The DCS processes each device boot file in the boot file library 310 and expands the include blocks. Because include blocks may be nested, a determination is made whether all of the include blocks have been expanded 315. If not, another pass is made 310 through each device boot file in the boot file library. Once all of the include blocks have been expanded, the DCS constructs values for those device attributes that do not have attribute variables 320. If an attribute variable is detected in a device boot file, the boot file library is updated 325 to identify that boot file template as “dynamic” in that the content of the device boot file cannot be determined until the boot file request is received. A dynamic device boot file may thus be viewed as boot file template that is used to construct a device boot file from the value assigned to each attribute variable in the boot file request sent by the provisionable network device. The DCS then awaits a boot file request from a device 330.
In an embodiment of the present invention, the DCS provides boot files for DOCSIS-compliant cable modems (DCCMs). Under the DOCSIS standards, a Message Integrity Check (MIC) comprising a Message Digest 5 (MD5) hash of the contents of the boot file and a shared secret (that is, shared between the DCS and the CMTS) is required. MD5 is a one-way (non-reversible) hash—meaning that the input cannot be recovered from the output—and the output is considered unique for a specific input. If the MIC is not correct, the cable modem registration process fails and it will not be allowed to come on line. In this embodiment, the DCS calculates the MIC for each boot file identified in the boot file library that does not have attribute variables. The MIC for a boot file is appended to the boot file as specified in the DOCSIS standard.
The DCS creates a request thread 405. In an embodiment of the present invention, the DCS determines if the boot file identifier in the boot file request is associated with a boot file template in the boot file library 410.
In an embodiment of the present invention, the boot file identifier is a boot file filename. In this embodiment, the association of the boot file identifier with a boot file template in the boot file library is accomplished by determining if the requested boot file filename matches any boot file template filename in the boot file library. In an alternate embodiment, a hash table is used to accelerate the matching processing.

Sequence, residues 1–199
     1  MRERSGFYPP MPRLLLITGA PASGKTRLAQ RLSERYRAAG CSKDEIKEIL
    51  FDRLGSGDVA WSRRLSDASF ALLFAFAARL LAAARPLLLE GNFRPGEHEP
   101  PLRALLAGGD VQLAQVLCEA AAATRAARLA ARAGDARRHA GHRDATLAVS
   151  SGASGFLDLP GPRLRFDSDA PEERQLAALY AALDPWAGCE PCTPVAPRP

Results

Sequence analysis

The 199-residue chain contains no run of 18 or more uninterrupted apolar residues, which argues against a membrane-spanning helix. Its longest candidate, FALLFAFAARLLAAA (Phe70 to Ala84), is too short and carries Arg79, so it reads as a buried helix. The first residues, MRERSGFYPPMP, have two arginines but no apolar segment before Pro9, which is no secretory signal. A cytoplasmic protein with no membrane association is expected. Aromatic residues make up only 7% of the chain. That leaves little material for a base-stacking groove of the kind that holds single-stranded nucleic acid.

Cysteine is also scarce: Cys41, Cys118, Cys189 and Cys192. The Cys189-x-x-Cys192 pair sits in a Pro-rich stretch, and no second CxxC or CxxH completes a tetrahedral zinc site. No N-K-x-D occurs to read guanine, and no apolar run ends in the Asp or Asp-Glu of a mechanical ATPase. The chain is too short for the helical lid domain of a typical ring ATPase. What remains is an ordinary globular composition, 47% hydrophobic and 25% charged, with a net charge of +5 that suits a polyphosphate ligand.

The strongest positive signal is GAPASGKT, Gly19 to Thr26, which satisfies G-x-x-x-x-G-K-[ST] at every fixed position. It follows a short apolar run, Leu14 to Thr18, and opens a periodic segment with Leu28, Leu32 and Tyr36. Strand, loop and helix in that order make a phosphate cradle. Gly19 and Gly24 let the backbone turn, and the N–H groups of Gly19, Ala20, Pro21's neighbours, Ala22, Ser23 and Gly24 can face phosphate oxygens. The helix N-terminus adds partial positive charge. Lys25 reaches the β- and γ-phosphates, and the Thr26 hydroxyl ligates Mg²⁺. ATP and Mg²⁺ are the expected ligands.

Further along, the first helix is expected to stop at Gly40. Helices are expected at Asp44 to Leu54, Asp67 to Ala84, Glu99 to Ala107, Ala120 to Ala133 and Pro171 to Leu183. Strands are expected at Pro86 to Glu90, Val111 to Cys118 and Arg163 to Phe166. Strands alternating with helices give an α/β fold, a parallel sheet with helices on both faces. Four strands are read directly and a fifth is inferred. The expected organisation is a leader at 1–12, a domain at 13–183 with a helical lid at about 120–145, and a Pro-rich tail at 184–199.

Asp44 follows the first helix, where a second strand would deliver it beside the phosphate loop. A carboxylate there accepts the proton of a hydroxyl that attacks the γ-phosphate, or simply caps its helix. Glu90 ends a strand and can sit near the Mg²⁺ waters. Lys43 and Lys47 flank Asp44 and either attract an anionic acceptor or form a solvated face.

Referring again to
In an embodiment of the present invention, the value of each attribute variable is determined from the boot file identifier included in the boot file request. In an alternate embodiment of the present invention, the value of each attribute variable is associated with the provisionable network device by the unique device identifier. In this embodiment, the unique device identifier is used to access a datastructure and to look up the value of each attribute variable required by the matched boot file template. The device boot file is assembled 430. At this point, the device boot file (whether copied from the configuration file library or created dynamically) is transmitted to the provisionable network device that requested it 440. The DCS terminates the request thread 445.
In an embodiment of the present invention the device requesting the provisionable network device boot file is a DOCSIS-compliant device. In this embodiment, in addition to the encoding of the attribute variables, the MIC values for the dynamic boot file are calculated and appended to the boot file in accordance with the DOCSIS standard.
In an embodiment of the present invention, the boot file filename comprises an expression substring based on rules associated with a naming convention. An exemplary naming convention for a DCCM is shown below:
<ISP Code>ip<CPE #>bw<Bandwidth Code>.bin
A four-character code designating the ISP in a
multiple ISP environment.
One or more digits designating the number of
CPEs that will be allowed to request DHCP IP
addresses behind the cable modem.
One or more digits specifying the bandwidth
code for tiered services.
By way of illustration, an example of a boot file filename constructed using this name convention is:
The naming convention illustrated above is not meant as a limitation. As will be apparent to those skilled in the art, additional device attributes may be captured in the boot file filename and other naming conventions may be used without departing from the scope of the present invention.
As previously described, according to an embodiment of the present invention, the DCS matches the requested device boot file filename with a boot file template in a boot file library. The requested boot file template may be dynamic, in which case the device boot file is constructed based on the parameters included with the boot file request. In an embodiment of the present invention, the values needed to dynamically create the requested device boot file are included in an expression substring of the requested device boot file filename. For example, the “CPE#” attribute described above may be identified in the boot file filename in the boot file library as “ip( | .” This string indicates that value of “CPE” may be 1 through 9 or 10-16. The device boot file would reflect this device attribute as “maximum_cpe $1”, where $1 represents the value actually established for the CPE attribute in the boot file identifier. Thus, if the boot file identifier included the notation “ip8,” the attribute variable $1 would be replaced by the attribute value “8.”
In another embodiment, the device boot file request comprises a boot file identifier in the form: